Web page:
It’s been years since I was a heavy library user. Moving to Japan had something to do with that. I use the public libraries in Tokyo but not often; usually it’s just to borrow a book in Japanese on a work-related topic. And I never linger. Libraries here tend to be an uninviting place to read. Same cramped interior. Same utilitarian furniture. Same fluorescent lighting. To get my ink-on-paper fix, I prefer Tsutaya Books in Tokyo’s Daikanyama district. Few libraries can compete with the experience of a bookshop that’s so complete it offers hope for the future of bricks-and-mortar booksellers.
Which brings me to a story in the Japanese media last week about library makeovers. Specifically, Tagajo: a city in Miyagi prefecture, north of Tokyo, that has signed an agreement with Tsutaya’s parent company to build what the two sides are calling a “centre of cultural exchange”. Their plans call for a space that’s a public library, bookshop, café and restaurant all rolled into one seamless package. Tsutaya’s involvement makes it likely that Tagajo’s library will have all the trappings of, well, a Tsutaya bookshop.
This will be the second time a city has tapped Tsutaya to run a library. The first – in Takeo city, in the southern prefecture of Saga – opened in April, to mostly enthusiastic reviews. Anyone who has browsed the cosy aisles at Tsutaya Books in Daikanyama will immediately spot the design similarities. Hanging and standing lamps and bookshelves with recessed lighting complement the daylight that pours in from the skylight and large ground-floor windows – and not a naked fluorescent bulb in sight. Freestanding shelves on the ground floor and floor-to-ceiling shelves in an upstairs loft hold 200,000 books and reference materials. Amid the stacks there are plenty of wooden tables where you can park yourself with a book for hours. Tsutaya also train the staff and provide the black-and-white uniforms that make them easy to pick out in a crowd.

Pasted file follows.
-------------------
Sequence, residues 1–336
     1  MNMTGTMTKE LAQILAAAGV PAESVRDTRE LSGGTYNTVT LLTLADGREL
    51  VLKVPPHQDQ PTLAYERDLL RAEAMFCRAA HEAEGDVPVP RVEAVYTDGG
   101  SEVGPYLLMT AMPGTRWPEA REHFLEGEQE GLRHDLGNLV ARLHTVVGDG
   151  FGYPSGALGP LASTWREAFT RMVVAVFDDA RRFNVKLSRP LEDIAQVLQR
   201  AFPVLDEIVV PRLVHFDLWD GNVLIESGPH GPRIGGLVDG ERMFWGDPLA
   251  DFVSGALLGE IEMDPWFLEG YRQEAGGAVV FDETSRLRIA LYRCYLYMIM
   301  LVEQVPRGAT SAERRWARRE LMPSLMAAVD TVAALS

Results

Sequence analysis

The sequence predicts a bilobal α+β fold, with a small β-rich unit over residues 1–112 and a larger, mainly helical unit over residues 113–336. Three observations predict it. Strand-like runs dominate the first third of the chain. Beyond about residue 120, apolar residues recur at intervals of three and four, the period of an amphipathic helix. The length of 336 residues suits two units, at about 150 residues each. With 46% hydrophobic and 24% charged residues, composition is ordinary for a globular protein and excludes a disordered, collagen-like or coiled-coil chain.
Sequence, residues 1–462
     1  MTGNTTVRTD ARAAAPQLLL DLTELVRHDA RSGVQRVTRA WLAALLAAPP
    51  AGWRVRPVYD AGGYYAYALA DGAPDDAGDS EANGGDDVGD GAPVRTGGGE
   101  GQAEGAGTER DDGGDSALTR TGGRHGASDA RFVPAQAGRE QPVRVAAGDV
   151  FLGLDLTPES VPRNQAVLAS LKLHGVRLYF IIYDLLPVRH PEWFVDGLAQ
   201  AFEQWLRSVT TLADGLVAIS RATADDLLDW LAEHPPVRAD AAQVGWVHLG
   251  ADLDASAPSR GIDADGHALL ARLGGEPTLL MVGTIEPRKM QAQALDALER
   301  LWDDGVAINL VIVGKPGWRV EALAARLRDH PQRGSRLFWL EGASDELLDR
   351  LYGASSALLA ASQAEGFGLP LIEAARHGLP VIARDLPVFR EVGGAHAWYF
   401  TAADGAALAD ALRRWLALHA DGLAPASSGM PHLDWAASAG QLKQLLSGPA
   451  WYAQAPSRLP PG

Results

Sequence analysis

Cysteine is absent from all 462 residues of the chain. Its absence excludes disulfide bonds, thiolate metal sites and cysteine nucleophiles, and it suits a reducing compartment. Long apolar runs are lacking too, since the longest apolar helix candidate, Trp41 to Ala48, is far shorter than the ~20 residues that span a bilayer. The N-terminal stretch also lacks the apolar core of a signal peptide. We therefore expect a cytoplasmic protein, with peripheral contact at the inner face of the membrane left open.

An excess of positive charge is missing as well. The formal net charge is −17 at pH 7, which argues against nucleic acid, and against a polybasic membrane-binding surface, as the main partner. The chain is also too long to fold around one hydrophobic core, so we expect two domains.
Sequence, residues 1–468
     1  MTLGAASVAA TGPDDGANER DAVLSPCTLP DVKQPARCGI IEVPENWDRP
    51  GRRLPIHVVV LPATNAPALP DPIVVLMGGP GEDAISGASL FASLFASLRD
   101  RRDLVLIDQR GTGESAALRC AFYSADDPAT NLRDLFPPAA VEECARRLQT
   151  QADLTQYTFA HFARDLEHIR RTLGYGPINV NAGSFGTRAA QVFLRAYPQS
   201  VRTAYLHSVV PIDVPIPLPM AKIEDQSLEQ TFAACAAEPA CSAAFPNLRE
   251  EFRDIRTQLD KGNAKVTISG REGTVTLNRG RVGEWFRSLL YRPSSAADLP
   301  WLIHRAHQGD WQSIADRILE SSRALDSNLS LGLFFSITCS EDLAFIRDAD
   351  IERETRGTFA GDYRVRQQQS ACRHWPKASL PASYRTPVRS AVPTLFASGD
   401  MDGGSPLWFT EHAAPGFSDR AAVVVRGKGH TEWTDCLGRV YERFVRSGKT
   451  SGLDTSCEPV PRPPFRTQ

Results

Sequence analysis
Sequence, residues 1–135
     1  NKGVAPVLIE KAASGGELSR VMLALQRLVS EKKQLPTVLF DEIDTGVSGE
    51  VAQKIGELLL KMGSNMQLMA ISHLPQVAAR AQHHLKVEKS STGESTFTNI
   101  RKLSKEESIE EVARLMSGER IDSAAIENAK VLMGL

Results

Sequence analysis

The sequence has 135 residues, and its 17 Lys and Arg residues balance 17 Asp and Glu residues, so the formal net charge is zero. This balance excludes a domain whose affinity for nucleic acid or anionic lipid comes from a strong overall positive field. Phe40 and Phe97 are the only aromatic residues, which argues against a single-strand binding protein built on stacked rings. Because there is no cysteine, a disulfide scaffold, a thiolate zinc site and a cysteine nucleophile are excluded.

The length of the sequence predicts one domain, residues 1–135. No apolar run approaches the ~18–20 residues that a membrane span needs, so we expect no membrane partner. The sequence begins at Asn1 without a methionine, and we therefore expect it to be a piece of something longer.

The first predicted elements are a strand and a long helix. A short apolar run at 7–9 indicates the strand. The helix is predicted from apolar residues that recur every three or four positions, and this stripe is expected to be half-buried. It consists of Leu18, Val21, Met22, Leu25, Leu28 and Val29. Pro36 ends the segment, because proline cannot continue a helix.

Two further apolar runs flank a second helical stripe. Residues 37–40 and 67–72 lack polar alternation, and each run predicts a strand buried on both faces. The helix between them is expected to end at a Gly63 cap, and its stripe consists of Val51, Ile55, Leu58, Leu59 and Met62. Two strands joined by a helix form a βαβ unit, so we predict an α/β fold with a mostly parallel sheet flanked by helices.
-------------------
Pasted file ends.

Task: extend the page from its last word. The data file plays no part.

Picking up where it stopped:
LA ART BOOK FAIR OPENING TONIGHT AT THE MOCA
Free and open to the public, the LA Art Book Fair is a unique event for artists’ books, art catalogs, monographs, periodicals, and zines presented by over 250 international presses, booksellers, antiquarians, artists, and independent publishers.
The event will be open through the end of this weekend at the MOCA’s Geffen Contemporary location in Little Tokyo, and looks to see tens of thousands of print-lovers from around Southern California. A series of lectures and discussions curated by David Senior called The Classroom will draw visitors each and every day of the fair, and Hyperallergic will even be present and hosting a get-together of their own after hours on Saturday.
Downtown Los Angeles, California
Over 250 international outfits are taking part in the assembly, and the range of offerings is highly impressive. Everything is egalitarian, sharply presented and extremely tempting.
Hometown heroes Ooga Booga, KesselsKramer, and Arcana — who are making waves on the international scene — are paired with their out-of-town peers, simultaneously repping their work and acting as ambassadors.
The fair is going on until Sunday and is free to enter and enjoy, thanks to the selfless contributions of many. For more information and for the full schedule for screenings, panels, lectures and special events visit laartbookfair.net.
– Courtesy of The Paris Review
Bookstore in London ruined by an air raid, 1940